Ace Attorney: Phoenix Wright Trilogy HD Review
It's been a few years since we've last seen an Ace Attorney game starring the bird-haired attorney, Phoenix Wright. Whether you're an old fan or a newcomer to the courtroom proceedings, the newly-released Ace Attorney: Phoenix Wright Trilogy HD for iOS is here to lay down the law. Is this premium package worth the investment? Or do we have any OBJECTIONS! when it comes to its presence in the App Store?
The Ace Attorney series first appeared on the GameBoy Advance in Japan and all three of its first titles were ported to the Nintendo DS in North America. They followed the story of a young defense lawyer in training named Phoenix Wright as he hunted down clues, investigated mysteries, and fought to find out the truth in the battlefield of the court. After years of duking it out in the courtroom, he'd pass the torch onto a lad named Apollo Justice, who would star in the fourth game in the series.
But now that the Phoenix Wright trilogy has made it to iOS in one handy package, players can experience the thrilling saga of Phoenix's rise from bumbling neophyte to champion of justice. The free version of the adventure game trilogy only contains the first two episodes of the first game, so that you can get a feel for the series and get introduced to its rhythm. Each episode's story is spread out over three-to-four days and contains any number of the following components: investigation, trial former, and trial latter.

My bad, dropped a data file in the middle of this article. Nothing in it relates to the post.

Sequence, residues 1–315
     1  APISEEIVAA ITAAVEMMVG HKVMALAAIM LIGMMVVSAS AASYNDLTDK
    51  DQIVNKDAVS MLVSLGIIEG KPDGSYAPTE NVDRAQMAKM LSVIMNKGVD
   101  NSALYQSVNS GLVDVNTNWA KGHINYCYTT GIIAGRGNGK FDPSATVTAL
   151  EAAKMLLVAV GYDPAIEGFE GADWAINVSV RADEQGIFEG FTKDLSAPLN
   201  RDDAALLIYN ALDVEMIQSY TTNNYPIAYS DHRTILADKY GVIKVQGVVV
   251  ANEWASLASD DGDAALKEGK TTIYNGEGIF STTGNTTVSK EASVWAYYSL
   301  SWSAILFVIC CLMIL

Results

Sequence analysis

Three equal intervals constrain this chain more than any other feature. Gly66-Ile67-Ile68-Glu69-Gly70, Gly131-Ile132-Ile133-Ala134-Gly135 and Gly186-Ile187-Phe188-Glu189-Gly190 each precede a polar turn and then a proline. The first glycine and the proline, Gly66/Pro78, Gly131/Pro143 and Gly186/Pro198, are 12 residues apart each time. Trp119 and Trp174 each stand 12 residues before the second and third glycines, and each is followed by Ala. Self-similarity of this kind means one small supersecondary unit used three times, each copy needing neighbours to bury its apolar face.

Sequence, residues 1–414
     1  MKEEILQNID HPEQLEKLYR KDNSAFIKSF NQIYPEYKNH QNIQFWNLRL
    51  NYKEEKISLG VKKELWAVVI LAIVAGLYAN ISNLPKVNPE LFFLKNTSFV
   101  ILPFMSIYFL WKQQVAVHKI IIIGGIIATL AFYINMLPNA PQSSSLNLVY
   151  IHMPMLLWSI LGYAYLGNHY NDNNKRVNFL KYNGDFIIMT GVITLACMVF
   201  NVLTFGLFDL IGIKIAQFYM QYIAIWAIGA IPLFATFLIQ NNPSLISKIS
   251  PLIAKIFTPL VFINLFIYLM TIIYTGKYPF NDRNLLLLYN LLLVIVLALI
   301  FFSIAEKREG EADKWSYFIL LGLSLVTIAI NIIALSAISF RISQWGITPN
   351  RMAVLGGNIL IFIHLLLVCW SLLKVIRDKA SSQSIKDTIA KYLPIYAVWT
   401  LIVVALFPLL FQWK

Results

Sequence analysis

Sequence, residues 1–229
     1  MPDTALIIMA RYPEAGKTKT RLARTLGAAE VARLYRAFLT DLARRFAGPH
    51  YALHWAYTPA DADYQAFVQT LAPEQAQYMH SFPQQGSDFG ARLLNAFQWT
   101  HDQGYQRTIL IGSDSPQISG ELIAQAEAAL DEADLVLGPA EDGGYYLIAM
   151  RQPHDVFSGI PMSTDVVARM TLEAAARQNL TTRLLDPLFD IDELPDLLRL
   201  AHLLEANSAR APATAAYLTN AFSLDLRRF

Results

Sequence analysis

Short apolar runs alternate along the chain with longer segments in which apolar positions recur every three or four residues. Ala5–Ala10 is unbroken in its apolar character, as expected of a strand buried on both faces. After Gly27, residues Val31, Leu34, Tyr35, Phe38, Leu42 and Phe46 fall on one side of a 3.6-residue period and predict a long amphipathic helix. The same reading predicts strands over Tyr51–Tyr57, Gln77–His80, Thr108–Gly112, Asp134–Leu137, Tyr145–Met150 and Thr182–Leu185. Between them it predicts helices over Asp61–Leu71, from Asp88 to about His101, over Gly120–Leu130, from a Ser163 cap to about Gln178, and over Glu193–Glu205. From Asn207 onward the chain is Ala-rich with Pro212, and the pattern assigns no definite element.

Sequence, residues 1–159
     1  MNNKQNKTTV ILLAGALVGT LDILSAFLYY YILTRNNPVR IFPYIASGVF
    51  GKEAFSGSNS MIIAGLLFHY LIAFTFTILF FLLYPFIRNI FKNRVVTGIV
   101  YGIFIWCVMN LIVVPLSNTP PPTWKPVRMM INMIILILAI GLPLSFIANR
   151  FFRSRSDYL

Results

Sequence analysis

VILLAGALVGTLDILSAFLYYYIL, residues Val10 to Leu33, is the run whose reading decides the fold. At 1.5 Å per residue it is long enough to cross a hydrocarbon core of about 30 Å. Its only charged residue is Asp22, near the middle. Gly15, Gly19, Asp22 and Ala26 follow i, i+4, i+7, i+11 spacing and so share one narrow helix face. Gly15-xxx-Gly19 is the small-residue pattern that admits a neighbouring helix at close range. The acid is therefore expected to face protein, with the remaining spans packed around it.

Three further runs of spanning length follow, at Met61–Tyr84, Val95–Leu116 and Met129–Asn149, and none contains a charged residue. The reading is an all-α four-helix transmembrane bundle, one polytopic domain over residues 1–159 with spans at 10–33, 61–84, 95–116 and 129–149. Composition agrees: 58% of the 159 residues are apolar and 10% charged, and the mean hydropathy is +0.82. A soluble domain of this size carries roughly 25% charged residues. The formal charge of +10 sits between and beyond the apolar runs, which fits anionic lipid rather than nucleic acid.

The intros of every episode show snippets of the crime you'll be solving, giving you only enough info and visuals to spark your interest. You'll then progress through the story by advancing dialogue, searching for clues and evidence during the Investigation phase, and then presenting said evidence during a few days in court in the Trial phase.
In the Investigation phase, you'll travel back and forth from different locations in order to search the environment for clues and question persons of interest. Oftentimes, you'll come across evidence that can be stored in the Court Record and will be available for you to check for clues or use as evidence in court. During the Trial phase, you'll be able to question witnesses and use the evidence and clues you've gathered in order to find holes and expose the lies in their testimony.
Since this is mostly a text-based adventure, the most you'll have to do is tap little arrows to advance dialogue. If you get impatient, and are gifted with speed-reading capabilities, then you can just hold your finger down and the text will instantly flash on the screen. When investigating different scenes, you'll drag around a little targeting reticle that will turn red once you hover over something that can be checked. Most times, you'll just find something that prompts some background information from Phoenix. But every now and then, you'll come across valuable clues.